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W.A.R. (We Are Renegades) [Bonus Video Version]


Download links and information about W.A.R. (We Are Renegades) [Bonus Video Version] by Pharoahe Monch. This album was released in 2011 and it belongs to Hip Hop/R&B, Rap genres. It contains 14 tracks with total duration of 57:48 minutes.

Artist: Pharoahe Monch
Release date: 2011
Genre: Hip Hop/R&B, Rap
Tracks: 14
Duration: 57:48
Buy on iTunes $9.99


No. Title Length
1. The Warning (feat. Idris Elba) 0:52
2. Calculated Amalgamation 2:47
3. Evolve 2:40
4. W.A.R. (feat. Immortal Technique & Vernon Reid) 4:24
5. Clap (One Day) [feat. Showtyme & DJ Boogie Blind] 3:29
6. Black Hand Side (feat. Styles P & Phonte) 4:30
7. Let My People Go 3:55
8. Shine (feat. Mela Machinko) 4:07
9. Haile Selassie Karate (feat. Mr. Porter) 2:22
10. The Hitman 3:24
11. Assassins (feat. Jean Grae & Royce Da 5'9) 4:31
12. The Grand Illusion (Circa 1973) [feat. Citizen Cope] 5:15
13. Still Standing (feat. Jill Scott) 5:17
14. Clap (One Day) [Extended Version] 10:15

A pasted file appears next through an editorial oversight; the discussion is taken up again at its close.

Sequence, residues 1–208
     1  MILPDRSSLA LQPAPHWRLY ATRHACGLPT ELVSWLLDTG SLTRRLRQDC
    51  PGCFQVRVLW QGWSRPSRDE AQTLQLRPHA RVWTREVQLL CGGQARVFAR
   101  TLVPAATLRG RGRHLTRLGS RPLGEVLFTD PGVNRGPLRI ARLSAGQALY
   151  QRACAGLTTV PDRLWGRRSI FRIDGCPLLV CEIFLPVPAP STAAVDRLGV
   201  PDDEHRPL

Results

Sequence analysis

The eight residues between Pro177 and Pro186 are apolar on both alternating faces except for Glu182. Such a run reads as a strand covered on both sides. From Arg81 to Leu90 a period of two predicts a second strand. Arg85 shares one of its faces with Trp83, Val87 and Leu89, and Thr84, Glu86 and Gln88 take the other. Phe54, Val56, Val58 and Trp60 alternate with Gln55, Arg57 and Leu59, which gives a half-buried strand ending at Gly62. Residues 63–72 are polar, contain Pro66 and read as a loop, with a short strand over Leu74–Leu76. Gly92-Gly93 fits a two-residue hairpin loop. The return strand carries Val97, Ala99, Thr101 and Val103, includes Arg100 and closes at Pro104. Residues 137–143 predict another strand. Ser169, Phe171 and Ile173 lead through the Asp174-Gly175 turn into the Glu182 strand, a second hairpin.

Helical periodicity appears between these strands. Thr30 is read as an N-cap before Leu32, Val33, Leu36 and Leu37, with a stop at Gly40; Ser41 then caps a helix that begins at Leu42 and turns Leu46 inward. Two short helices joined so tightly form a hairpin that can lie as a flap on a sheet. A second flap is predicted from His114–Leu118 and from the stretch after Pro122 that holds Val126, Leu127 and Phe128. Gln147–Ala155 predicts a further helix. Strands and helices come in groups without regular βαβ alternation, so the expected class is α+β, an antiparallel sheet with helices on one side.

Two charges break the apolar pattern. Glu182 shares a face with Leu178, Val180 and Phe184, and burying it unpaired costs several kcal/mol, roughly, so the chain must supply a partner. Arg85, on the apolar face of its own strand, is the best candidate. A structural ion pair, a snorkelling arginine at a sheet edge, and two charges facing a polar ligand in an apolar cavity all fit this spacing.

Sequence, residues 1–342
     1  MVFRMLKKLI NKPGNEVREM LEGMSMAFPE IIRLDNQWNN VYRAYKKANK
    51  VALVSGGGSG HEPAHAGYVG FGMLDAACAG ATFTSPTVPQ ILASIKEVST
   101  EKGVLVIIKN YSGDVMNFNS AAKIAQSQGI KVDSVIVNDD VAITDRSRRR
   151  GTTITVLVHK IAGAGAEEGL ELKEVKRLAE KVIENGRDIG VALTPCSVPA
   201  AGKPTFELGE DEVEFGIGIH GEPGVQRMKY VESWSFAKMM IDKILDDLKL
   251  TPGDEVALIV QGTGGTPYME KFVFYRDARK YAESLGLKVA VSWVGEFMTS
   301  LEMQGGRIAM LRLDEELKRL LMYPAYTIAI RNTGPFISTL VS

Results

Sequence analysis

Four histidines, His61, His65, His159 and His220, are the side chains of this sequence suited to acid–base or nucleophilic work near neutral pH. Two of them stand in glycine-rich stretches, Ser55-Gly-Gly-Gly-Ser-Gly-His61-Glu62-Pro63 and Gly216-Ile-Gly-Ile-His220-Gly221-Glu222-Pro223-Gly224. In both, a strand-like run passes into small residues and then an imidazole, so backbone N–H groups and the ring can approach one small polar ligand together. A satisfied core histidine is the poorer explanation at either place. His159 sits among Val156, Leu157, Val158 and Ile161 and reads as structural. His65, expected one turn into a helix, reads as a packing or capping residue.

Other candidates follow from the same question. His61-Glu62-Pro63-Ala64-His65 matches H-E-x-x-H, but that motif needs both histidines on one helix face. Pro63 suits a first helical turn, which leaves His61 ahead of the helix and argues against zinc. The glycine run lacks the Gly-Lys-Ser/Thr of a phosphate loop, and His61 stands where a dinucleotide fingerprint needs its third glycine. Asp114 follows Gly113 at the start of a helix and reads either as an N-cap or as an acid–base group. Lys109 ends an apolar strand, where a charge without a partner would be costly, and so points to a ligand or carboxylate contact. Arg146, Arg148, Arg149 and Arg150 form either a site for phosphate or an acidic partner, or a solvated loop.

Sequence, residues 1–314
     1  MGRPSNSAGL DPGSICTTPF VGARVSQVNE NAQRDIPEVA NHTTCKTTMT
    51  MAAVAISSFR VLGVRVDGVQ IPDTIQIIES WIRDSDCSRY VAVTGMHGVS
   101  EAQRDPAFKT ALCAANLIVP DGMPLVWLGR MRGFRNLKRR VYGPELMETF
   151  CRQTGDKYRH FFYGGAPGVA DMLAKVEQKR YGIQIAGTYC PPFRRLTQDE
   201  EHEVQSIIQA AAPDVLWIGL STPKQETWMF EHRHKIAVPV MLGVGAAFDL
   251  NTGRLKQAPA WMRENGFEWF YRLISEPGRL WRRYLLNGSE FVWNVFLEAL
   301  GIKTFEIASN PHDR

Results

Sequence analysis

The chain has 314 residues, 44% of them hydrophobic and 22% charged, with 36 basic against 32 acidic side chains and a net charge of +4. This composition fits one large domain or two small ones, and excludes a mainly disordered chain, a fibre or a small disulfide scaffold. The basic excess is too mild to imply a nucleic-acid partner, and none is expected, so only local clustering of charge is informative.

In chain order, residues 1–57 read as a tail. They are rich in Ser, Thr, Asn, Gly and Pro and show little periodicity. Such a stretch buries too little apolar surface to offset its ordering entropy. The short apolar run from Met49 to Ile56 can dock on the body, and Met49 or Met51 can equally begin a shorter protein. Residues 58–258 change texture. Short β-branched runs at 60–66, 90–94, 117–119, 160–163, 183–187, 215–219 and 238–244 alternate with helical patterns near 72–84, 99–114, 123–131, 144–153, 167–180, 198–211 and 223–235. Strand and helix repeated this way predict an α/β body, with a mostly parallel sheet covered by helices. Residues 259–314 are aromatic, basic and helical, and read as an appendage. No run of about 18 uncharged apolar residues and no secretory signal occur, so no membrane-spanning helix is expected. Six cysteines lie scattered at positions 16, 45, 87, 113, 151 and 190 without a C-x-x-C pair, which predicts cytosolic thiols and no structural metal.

With the 2011 release of his third album, W.A.R. (We Are Renegades), rapper Pharoahe Monch halved the eight-year wait fans endured between his first and second efforts. This strong, satisfying, often stunning third release proves he can deliver the goods under this tighter release schedule, and when listening to lyrics that are topical for 2011 (“Calculated Amalgamation” is inspired by the recent Egyptian revolution), one begins to wonder if it’s been three years off for Monch, and then one very strong year back on. Whatever the process, W.A.R. is worth it, chock-full of those wickedly smart Monch lines (“Even my reflection disrespects you like a freshman during hazing”) and Armageddon productions from the likes of M-Phazes, Diamond D, and Samiyam. These beats seem generally as mad and driven as the man himself, although “The Grand Illusion” with Citizen Cope adds some alternative rock to the mix while the closer, ”Still Standing,” is as elegant and soulful as its guest, Jill Scott. The socially concerned singles “Shine” and “Clap (One Day)” make for a decent intro, even if they are best heard in context, as this conceptually sound album uses linking dialog and a sensible running order to guide listeners through Monch’s war story.